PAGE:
eglantine_br (eglantine_br) wrote,


Title: School work

Author Eglantine

Rating G

Word count 633

Spoilers None

Disclaimer I did not invent themselves










Morning had been schoolwork. Mr Bracegirdle had presided. Horatio had been correct as usual, and up to date. His workbook was neat, and his hand even and easy to read. He had been quick with his chalk and slate. It was much more pleasant than school had been on Justinian. Mr Bracegirdle was a kindly man, who seemed able to teach without resorting to sarcasm or humiliation. Sitting beside him in the cool sunlight, Archie also seemed to be content. He hummed quietly as he calculated, a buzzing in his chest, which was not quite music. It was something like sitting beside a navigational bee. Horatio finished first, and watched Archie out of the side of his eye. When Archie's calculation came up right, all three of them smiled.



“You are much improved, Mr Kennedy, since your arrival here. I am delighted to see it.”


Mr Bracegirdle moved on, to Cleveland, who had a question. Horatio watched the two heads together. Cleveland, was pointing and asking, and the older man, nodding reassuringly, and explaining. Horatio wandered away for a moment, into a memory of childhood that still made him shudder with horror.




He remembered it in flashes of misery. The white smears of unknown faces, looking up to see who the new boy was. The schoolmaster had towered over small Horatio, unsmiling. Horatio had been made to walk to the front of the room and introduce himself. There had been a ferrule hanging by the schoolmaster's large slate. Horatio had been transfixed by it.


Crouching at his desk afterward, he had wanted to sink through the floor. They had been given a problem to do, with no explanation. The older man had stood back with folded arms, and an expression of grim satisfaction. Horatio had been small enough then that his feet swung in the air, as he sat at his desk. He remembered how he had twisted them together, as he took refuge in the numbers, if only for a moment. The numbers behaved themselves. They always did. He set his chalk down before any of the others. He tried to wait patiently. But his feet in his new shoes, wanted to swing and kick.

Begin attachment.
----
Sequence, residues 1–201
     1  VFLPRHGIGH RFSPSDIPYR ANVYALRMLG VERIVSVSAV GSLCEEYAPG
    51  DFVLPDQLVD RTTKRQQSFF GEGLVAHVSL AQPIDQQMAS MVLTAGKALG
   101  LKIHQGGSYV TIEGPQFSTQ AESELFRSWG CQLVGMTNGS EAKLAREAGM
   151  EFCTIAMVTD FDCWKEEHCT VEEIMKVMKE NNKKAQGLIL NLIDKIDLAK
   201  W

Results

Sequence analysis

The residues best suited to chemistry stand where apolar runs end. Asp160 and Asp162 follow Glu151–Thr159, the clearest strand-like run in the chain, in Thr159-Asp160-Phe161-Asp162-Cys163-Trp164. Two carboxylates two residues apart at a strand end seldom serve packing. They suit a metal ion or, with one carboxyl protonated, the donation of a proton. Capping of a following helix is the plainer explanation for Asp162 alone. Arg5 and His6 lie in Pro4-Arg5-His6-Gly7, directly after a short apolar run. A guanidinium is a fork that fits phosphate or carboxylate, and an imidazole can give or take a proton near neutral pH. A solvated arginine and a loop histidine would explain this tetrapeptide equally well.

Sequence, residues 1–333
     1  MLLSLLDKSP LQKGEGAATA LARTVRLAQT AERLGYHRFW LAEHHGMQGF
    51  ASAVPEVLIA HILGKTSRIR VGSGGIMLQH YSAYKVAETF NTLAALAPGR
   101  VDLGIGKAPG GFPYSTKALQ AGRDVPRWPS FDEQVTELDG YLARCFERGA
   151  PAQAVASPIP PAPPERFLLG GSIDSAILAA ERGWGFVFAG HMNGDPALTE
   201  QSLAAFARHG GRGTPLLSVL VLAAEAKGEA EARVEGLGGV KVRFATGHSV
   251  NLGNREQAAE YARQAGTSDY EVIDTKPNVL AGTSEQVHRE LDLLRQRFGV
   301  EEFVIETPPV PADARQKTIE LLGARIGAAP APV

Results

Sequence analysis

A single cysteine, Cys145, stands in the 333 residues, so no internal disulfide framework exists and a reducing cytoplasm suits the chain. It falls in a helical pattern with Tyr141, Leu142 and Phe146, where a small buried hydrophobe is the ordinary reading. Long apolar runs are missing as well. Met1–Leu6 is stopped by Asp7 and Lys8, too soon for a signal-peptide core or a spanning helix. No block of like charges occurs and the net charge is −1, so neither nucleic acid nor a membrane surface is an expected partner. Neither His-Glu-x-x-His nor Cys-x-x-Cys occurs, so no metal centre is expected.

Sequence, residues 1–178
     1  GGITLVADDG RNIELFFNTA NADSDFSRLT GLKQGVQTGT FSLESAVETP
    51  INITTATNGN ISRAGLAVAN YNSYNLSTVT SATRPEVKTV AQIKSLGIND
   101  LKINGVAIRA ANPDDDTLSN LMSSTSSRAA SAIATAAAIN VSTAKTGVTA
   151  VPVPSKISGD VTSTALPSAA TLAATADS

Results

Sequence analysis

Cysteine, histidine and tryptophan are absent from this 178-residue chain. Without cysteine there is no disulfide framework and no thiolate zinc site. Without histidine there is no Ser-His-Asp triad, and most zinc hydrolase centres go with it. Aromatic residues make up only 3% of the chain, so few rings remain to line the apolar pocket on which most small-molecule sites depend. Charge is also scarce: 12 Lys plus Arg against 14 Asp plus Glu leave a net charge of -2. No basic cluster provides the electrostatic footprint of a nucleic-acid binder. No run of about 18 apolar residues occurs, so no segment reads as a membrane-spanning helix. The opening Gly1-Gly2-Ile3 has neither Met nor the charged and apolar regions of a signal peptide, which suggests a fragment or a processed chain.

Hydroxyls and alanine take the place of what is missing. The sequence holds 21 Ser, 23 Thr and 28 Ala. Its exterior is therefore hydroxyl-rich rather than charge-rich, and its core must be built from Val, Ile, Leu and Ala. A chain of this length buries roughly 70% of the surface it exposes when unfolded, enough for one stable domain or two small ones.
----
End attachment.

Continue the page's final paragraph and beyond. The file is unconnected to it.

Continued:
When everyone had finished, the schoolmaster swept the room with a sour gaze.


“Let's have a look at the new boy's slate, shall we?” He had said.


“My, gracious. Mr Hornblower has gotten everything right.” The mans deep voice had dripped with derision. “


And he finished in half the time of the rest of you lack-wits. Surely he is an example to us all, is he not? Go to the front of the room, Mr Hornblower, and copy this out for us. I am sure we can benefit from your great intelligence.”


And Horatio, with tears in his child's eyes, had had to do so. He had made no friends, that year, or the next.



But this morning was different. He sat in the cool sun, shoulder to shoulder with Archie. Archie loved him. The breeze riffled his hair, and made a song of sails and lines.


He took a deep breath. Some joy was rising in him. It was different from anything he had ever known. He tumbled in a wave of crazed gratitude. There was so much out there still to learn. Archie's body was proof of that, but so was Mr Bracegirdle. So was the ship herself. He could learn and learn. He could stuff himself with learning. No one would mind. He wanted to dance around in circles. He imagined throwing his arms around Mr Bracegirdle, and thanking him. He imagined telling Cleveland, and Cadogan and the others how grateful he was for their rough acceptance.


But he could never do that. Instead, he gave Archie a happy giddy nudge with his elbow. Archie didn't need to know why. He giggled and gave a hard nudge back.






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